Wednesday 19 June 2019

Black box data reveals 'sound of explosion', says Russia

Vladimir Putin lays flowers at Red Square in Moscow. Photo: AFP/Getty Images
Vladimir Putin lays flowers at Red Square in Moscow. Photo: AFP/Getty Images

Roland Oliphant in Moscow

Russian plane crash investigators last night claimed that the first detailed examination of the black boxes onboard the jet that crashed in Egypt revealed a "sound of explosion".

In Moscow, President Vladimir Putin suspended all Russian flights to Egypt amid mounting concerns that the Sinai airliner crash was caused by a terrorist bomb. A Kremlin spokesman said that the suspension would remain in place until a "proper level of aviation security" had been established in Egyptian airports.

The announcement came amid reports that the cockpit voice reporter on the Metrojet Airbus A321-200 had picked up the sound of an explosion.

It marks a dramatic U-turn by Moscow, after Mr Putin criticised British Prime Minister David Cameron for grounding UK flights to and from Sharm el-Sheikh before an inquiry into the cause of the disaster was complete.

The US Department of Homeland Security has also announced that they will be implimenting "aviation security enhancements" on US-bound flights from certain airports.

While the step is precautionary, it indicates concern that last weekend's crash may not have been an isolated incident.

In a terse 10-minute telephone call on Thursday, Mr Putin had told Mr Cameron that any assessment should await "the data that would become available in the course of the official investigation".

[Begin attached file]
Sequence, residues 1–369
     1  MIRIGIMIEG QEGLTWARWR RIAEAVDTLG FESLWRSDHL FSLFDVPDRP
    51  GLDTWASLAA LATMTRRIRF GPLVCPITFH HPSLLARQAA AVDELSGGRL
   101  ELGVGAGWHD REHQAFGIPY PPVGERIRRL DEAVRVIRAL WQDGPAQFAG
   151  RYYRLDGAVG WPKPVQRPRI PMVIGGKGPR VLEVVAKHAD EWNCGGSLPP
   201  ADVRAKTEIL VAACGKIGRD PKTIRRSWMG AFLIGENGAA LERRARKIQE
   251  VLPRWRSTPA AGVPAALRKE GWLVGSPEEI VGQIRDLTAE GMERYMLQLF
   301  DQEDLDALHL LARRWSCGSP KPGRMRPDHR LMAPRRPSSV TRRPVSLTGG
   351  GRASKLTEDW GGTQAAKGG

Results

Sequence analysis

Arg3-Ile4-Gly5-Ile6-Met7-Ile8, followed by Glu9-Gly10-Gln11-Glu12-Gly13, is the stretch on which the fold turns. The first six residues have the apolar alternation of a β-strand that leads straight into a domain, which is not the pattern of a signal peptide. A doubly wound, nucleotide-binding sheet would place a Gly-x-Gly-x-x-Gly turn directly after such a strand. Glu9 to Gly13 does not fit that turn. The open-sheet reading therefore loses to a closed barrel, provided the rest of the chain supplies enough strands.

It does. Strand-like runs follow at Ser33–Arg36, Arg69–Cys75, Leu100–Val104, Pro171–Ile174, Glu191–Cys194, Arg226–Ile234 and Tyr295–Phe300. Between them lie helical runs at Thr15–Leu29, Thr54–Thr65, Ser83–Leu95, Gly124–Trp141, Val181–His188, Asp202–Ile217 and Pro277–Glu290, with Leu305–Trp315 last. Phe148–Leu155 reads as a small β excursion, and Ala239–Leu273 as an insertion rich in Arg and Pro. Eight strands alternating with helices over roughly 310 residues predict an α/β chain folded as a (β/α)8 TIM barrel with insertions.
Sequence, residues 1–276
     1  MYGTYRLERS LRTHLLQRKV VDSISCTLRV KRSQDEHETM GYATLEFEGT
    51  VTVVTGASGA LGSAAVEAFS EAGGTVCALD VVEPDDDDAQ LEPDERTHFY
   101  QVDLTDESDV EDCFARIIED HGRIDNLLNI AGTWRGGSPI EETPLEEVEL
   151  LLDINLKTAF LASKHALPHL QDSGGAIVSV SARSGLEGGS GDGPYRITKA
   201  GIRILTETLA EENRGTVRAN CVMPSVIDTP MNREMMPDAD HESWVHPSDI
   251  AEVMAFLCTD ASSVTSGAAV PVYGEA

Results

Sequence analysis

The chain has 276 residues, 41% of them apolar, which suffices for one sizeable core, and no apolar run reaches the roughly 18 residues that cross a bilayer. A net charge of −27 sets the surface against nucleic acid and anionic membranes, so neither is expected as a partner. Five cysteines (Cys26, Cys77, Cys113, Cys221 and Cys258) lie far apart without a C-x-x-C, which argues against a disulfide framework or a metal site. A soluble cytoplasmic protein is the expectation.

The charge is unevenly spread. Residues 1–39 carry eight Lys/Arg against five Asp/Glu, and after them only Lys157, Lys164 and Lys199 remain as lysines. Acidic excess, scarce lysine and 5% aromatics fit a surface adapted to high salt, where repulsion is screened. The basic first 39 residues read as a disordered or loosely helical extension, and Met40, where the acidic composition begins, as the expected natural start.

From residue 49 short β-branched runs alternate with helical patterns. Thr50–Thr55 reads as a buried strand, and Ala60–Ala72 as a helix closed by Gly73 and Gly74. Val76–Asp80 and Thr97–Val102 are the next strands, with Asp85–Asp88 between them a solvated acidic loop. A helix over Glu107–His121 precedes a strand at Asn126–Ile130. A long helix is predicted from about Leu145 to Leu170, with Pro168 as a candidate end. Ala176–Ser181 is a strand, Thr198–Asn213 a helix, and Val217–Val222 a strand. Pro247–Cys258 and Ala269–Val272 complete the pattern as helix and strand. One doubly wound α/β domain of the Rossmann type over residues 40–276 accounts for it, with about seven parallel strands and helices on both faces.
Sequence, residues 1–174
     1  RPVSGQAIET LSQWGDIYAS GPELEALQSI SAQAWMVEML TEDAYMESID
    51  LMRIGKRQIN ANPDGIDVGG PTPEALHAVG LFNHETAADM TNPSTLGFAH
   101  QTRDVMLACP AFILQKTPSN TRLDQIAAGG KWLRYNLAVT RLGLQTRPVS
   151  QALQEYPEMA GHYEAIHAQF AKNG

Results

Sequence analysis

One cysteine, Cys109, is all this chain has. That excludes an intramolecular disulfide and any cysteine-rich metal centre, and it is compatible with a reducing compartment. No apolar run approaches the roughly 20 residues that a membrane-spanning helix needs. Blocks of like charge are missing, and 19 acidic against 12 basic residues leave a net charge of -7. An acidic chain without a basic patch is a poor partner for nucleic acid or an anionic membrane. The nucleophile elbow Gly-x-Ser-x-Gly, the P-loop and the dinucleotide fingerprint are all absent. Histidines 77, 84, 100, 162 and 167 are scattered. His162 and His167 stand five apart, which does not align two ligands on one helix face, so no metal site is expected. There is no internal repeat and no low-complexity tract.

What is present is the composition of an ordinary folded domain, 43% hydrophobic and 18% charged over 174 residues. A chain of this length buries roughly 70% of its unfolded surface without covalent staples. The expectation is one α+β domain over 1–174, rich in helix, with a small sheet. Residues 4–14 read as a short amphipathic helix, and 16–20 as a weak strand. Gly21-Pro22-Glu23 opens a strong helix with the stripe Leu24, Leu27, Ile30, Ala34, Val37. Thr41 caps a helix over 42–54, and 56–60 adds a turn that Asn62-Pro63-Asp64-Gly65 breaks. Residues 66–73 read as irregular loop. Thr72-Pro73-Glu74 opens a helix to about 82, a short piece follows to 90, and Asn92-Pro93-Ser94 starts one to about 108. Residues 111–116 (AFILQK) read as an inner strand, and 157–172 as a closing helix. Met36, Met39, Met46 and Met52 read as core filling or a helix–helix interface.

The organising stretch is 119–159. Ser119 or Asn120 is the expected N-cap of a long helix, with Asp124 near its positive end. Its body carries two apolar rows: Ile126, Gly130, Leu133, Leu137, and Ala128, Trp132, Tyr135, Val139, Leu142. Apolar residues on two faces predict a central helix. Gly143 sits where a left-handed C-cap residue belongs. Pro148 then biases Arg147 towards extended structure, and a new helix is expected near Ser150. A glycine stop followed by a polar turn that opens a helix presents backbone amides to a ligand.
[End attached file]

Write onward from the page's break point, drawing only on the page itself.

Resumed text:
However, the head of the Russian FSB intelligence agency, Alexander Bortnikov, startled observers yesterday by recommending all Russian flights to Egypt should be grounded.

"I think it will be reasonable to suspend all Russian flights to Egypt until we determine the real reasons of what happened. It concerns tourist flights most of all," he said.

Emergency situations minister Vladimir Puchkov confirmed that wreckage from the aircraft had been brought to Moscow for testing for traces of explosives.

"These are necessary samples from all parts where traces of explosives could be. All of these samples have been delivered to Moscow, and we are studying them," he said.

US officials meanwhile said that intercepted communications by militants in the Sinai supported the suggestion that Islamic State's affiliate in the area had planted a bomb on the airliner.

In London, British Transport Secretary Patrick McLoughlin said that a bomb in the hold of the Metrojet plane was "a high probability".

"We've made our position very clear on that, that we think that is a high probability," he said.

"We are obviously waiting for final confirmation of that, but we felt it was right to act on the information that we got and we did act."

He warned that similar flight bans could be extended to other countries if security was found to be lax.

"What this makes clear - not just to the Egyptians but to other airports around the world: if we are concerned about their security we will not hesitate in taking the kind of action we have taken this week for the safety of British passengers," he said.

Meanwhile, other international airlines announced they were tightening security precautions on flights in and out of Egypt.

Dutch airline KLM has said that passengers would be restricted to hand luggage while Air France said that it was reinforcing screening in Cairo.

A retired senior official in Egypt's Tourism Ministry revealed yesterday that "airport security procedures in Egypt are almost (all) bad",

Magdy Salim said he understands why people are scared - that's because security measures in Egypt are lax.

He said airport guards regularly skip security checks for friends or co-workers, and they often don't search people "if they look chic or if they come out of a fancy car".

He noted that a donkey was found wandering around Cairo airport in April, and in recent weeks, a stray dog wandered onto a runway.

He said security forces were even called in to catch a rogue cat. (© Daily Telegraph, London)

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